Two Cities Essay, Research Paper A inspiration in life that many people cling to is, that no matter how rough and demoralizing things get, there is always a possibility of redemption and
Two Cities Essay, Research Paper
A inspiration in life that many people cling to is, that no matter how rough
and demoralizing things get, there is always a possibility of redemption and
salvation. Many characters in the novel, A Tale Of Two Cities, are sure that their own death or mental destruction is at hand but somehow they escape the grasp of death. Dr. Manette who has been imprisoned for eighteen years is completely insane and is lovingly nursed back to health. Characters such as Charles Darnay slip through the fingers of death more than once. Redemption and salvation do not always come in the form of being saved from death. Sydney Carton, a man of great potential, has wasted his life and ends up giving his life, in an act of redemption. Dickens, in A Tale Of Two Cities, shows that no matter how bleak a person’s life might seem, redemption and salvation are always possible.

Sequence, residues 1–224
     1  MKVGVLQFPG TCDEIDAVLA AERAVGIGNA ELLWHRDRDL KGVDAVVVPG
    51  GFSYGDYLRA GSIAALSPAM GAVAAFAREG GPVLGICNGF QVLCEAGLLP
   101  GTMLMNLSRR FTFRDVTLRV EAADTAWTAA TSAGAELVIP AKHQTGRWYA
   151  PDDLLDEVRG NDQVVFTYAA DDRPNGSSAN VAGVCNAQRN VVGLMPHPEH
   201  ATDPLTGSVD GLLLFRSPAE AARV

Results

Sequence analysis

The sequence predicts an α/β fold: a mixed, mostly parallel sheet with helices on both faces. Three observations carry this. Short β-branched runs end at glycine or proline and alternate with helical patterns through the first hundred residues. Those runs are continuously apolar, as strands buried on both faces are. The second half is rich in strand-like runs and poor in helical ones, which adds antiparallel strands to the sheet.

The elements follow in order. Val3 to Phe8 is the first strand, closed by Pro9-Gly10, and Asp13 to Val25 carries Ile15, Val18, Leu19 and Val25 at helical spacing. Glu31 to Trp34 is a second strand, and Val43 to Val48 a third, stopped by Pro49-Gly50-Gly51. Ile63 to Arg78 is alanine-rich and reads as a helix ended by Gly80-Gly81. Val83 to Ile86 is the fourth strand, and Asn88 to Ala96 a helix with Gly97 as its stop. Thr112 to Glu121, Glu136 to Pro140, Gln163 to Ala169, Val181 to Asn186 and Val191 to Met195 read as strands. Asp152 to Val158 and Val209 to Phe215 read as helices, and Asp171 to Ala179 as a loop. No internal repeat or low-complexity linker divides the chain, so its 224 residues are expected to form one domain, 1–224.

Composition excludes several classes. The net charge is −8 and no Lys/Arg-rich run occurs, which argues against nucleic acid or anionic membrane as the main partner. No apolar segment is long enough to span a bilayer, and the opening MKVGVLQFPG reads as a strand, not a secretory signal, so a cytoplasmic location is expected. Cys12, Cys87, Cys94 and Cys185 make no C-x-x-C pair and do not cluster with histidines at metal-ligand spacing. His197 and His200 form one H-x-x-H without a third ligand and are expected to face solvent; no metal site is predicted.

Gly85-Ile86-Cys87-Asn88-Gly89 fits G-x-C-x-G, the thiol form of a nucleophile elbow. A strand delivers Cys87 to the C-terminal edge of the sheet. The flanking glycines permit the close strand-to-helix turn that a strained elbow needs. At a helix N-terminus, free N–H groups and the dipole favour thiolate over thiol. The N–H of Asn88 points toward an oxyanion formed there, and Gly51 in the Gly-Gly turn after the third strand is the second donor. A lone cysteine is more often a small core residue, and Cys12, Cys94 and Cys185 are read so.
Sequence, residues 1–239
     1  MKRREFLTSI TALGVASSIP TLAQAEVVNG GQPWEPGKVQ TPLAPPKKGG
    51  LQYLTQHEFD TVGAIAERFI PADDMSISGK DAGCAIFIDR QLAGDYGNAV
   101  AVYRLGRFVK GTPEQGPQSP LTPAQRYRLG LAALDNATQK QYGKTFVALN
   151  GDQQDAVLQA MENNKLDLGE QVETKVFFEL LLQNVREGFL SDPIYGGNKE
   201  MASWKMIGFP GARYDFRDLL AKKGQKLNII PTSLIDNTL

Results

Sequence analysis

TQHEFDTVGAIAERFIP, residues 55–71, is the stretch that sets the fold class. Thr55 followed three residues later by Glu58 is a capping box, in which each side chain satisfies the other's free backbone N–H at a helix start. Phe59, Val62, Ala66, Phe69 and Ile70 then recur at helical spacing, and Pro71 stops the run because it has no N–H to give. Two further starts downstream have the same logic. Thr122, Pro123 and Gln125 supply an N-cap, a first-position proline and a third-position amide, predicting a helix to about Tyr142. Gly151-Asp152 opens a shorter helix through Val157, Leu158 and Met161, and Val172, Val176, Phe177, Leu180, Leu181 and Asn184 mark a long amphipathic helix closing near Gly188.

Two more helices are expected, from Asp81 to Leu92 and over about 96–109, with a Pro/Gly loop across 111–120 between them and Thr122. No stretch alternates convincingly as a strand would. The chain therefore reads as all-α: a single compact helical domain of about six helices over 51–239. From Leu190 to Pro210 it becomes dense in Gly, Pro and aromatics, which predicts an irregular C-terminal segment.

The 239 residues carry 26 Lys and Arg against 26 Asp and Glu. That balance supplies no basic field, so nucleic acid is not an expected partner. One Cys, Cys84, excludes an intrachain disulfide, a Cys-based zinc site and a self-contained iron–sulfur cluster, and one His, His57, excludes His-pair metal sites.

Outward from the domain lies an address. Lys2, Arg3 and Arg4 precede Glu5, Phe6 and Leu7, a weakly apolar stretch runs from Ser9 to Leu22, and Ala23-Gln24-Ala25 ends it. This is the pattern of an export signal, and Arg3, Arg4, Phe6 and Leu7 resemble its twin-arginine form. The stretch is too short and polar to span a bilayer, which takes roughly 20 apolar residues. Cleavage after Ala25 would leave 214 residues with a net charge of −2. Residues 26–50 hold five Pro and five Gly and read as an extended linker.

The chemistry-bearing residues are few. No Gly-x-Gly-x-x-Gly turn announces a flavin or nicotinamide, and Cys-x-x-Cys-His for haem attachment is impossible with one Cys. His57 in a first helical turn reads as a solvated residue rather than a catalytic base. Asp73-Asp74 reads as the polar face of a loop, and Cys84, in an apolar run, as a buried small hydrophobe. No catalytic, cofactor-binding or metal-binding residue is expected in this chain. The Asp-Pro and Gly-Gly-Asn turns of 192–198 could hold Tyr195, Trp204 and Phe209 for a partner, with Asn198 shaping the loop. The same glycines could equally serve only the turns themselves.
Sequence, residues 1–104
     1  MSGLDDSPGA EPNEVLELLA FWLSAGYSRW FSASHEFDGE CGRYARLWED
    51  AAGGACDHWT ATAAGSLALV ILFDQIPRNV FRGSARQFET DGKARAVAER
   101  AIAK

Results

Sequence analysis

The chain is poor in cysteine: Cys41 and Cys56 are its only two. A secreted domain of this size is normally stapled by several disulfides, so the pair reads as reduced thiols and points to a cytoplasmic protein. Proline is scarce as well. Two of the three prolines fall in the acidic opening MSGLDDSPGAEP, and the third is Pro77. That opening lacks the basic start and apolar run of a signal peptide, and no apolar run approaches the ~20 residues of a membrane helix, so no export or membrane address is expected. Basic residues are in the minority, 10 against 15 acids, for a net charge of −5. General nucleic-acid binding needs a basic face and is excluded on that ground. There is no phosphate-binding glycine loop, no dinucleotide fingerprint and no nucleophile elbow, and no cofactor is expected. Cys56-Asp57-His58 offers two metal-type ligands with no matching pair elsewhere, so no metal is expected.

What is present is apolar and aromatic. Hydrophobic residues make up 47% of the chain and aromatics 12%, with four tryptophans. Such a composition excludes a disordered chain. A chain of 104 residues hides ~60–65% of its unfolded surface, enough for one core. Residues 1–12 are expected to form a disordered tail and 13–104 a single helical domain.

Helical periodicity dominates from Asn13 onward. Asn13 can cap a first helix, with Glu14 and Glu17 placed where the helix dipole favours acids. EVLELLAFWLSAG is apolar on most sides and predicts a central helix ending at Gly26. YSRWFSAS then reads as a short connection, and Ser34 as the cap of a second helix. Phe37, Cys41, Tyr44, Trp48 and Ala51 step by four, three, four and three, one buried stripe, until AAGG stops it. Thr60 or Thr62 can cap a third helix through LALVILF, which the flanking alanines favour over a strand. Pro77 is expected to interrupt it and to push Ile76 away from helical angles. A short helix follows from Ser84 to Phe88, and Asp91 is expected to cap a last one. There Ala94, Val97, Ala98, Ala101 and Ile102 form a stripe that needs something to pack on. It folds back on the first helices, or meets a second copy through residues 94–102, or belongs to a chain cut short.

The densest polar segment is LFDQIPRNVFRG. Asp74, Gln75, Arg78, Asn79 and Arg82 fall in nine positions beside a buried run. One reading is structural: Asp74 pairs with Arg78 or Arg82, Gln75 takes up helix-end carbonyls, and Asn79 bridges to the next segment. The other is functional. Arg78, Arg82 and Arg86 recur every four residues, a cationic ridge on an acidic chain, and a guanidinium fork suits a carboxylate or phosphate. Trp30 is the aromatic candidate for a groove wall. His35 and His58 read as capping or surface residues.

Dickens develops the theme of redemption and salvation through Dr.